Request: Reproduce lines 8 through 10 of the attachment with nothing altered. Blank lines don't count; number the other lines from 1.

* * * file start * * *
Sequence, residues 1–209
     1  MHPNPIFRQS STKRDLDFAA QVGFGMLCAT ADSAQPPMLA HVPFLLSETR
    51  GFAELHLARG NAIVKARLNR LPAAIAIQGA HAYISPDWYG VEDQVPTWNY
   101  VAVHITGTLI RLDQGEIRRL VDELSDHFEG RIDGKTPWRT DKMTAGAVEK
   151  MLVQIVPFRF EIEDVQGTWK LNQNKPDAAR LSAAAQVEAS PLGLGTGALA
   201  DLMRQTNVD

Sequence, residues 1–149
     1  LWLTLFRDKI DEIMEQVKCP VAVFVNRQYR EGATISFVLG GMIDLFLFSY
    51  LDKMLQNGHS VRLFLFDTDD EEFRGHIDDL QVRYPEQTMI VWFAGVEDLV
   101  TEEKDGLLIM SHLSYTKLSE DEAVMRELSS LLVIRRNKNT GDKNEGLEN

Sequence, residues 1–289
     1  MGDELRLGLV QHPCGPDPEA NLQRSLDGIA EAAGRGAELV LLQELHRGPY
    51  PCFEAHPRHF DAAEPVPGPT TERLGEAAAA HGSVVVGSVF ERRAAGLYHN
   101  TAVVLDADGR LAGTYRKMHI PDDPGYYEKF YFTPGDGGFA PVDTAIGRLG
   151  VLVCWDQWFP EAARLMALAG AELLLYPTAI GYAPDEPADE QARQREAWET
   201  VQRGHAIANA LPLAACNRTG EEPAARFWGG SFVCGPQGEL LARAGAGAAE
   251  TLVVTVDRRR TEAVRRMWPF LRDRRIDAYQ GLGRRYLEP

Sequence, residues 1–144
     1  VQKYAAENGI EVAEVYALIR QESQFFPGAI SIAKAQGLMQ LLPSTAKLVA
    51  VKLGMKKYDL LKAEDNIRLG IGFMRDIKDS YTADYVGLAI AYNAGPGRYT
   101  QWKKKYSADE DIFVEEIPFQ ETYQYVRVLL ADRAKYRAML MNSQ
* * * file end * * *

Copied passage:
     1  LWLTLFRDKI DEIMEQVKCP VAVFVNRQYR EGATISFVLG GMIDLFLFSY
    51  LDKMLQNGHS VRLFLFDTDD EEFRGHIDDL QVRYPEQTMI VWFAGVEDLV
   101  TEEKDGLLIM SHLSYTKLSE DEAVMRELSS LLVIRRNKNT GDKNEGLEN